If you don’t care too much about your phone camera, the V50 will definitely suffice. But if its performance is one of your key buying considerations, you can get better options for cheaper.


Once you remove the second screen from the device you’re left with is a run-of-the-mill LG phone.

Sure it has 5G, and props to LG for prioritising new mobile technology. But due to no fault of the company, the new network isn’t particularly impressive yet.

The performance, camera and batteries are all adequate, but also squashed by an unrealistic price point.

Once you remove the one thing that makes it interesting, you’re left with little more than another okay black phone.


When it comes down to it, 5G phones are expensive. You’re going to pay a premium for these devices, regardless of the brand.

However, at the time of writing the V50 is the second most expensive 5G phone after Samsung’s S10 5G.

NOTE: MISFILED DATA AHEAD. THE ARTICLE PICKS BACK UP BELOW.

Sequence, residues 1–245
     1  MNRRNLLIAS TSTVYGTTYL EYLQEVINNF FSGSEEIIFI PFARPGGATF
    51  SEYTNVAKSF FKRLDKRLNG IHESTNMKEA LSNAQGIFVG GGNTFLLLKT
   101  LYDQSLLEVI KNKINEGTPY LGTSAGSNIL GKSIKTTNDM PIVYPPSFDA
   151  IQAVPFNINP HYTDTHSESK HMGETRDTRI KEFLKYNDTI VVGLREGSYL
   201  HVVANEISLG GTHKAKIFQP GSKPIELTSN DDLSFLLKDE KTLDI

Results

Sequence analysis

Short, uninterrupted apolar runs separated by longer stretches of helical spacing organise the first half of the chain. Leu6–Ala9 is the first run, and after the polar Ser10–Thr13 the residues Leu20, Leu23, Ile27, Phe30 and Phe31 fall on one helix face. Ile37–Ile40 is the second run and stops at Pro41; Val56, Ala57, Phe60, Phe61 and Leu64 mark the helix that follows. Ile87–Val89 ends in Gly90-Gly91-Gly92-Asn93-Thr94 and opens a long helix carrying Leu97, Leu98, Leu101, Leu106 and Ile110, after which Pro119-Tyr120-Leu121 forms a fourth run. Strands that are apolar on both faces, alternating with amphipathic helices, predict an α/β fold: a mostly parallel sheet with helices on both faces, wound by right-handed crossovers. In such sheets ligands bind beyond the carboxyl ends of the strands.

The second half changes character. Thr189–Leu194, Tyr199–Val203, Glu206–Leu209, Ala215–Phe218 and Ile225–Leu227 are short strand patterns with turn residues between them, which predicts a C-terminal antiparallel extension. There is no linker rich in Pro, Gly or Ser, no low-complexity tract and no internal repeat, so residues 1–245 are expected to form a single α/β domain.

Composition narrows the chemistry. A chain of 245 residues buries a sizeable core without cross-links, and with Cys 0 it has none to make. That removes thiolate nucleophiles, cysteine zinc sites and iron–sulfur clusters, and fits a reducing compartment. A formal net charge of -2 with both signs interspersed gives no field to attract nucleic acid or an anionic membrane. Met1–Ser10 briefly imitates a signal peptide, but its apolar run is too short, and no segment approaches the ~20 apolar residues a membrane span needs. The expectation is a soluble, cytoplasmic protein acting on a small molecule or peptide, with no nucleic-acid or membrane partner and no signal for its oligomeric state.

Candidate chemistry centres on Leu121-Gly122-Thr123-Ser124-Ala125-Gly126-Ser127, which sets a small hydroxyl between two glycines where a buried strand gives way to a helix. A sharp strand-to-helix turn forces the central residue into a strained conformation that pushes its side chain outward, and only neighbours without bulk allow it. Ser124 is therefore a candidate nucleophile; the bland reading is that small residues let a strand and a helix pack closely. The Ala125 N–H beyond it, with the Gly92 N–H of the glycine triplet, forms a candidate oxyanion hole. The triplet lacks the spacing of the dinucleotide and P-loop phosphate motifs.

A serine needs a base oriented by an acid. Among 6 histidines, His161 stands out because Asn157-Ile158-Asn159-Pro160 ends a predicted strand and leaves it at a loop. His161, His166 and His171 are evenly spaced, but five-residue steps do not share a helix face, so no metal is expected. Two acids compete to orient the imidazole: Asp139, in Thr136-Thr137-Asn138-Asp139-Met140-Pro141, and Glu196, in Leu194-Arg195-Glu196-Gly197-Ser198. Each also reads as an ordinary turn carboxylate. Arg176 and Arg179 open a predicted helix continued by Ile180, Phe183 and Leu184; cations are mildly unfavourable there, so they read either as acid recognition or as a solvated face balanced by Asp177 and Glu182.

The V50 isn’t a terrible phone once you burn the second screen and sage the room, but none of its regular features make it worthy of a $1,728 price tag.

The Oppo Reno does a better job across the board and its almost $230 cheaper.

Should You Buy It?

With the premium pricing being whacked on 5G phones at the moment, it’s been difficult to recommend any of them.

Not because they are bad phones, but because the speeds just aren’t worth it yet. Plus, some of them have non-5G models with largely similar features and specs.

LG doesn’t currently have a regular 4G model of the V50. In fact, its similar to last year’s V40, but with a newer processor, increased storage and larger battery.

And yet a $1,728 price tag has been whacked on it for a 5G modem that is merely okay right now due to the current state of 5G in Australia.

There are other 5G phones more worthy of consideration, such as the Oppo Reno 5G and Samsung S10 5G.

If you’re a huge LG fan or think that I’m wrong about the dual-screen, this could be the right phone for you. Everyone is different and there are bound to be some consumers who will enjoy the V50.

But considering that its a device containing some of last year’s specs and its most interesting feature impedes its use, I would recommend shopping around.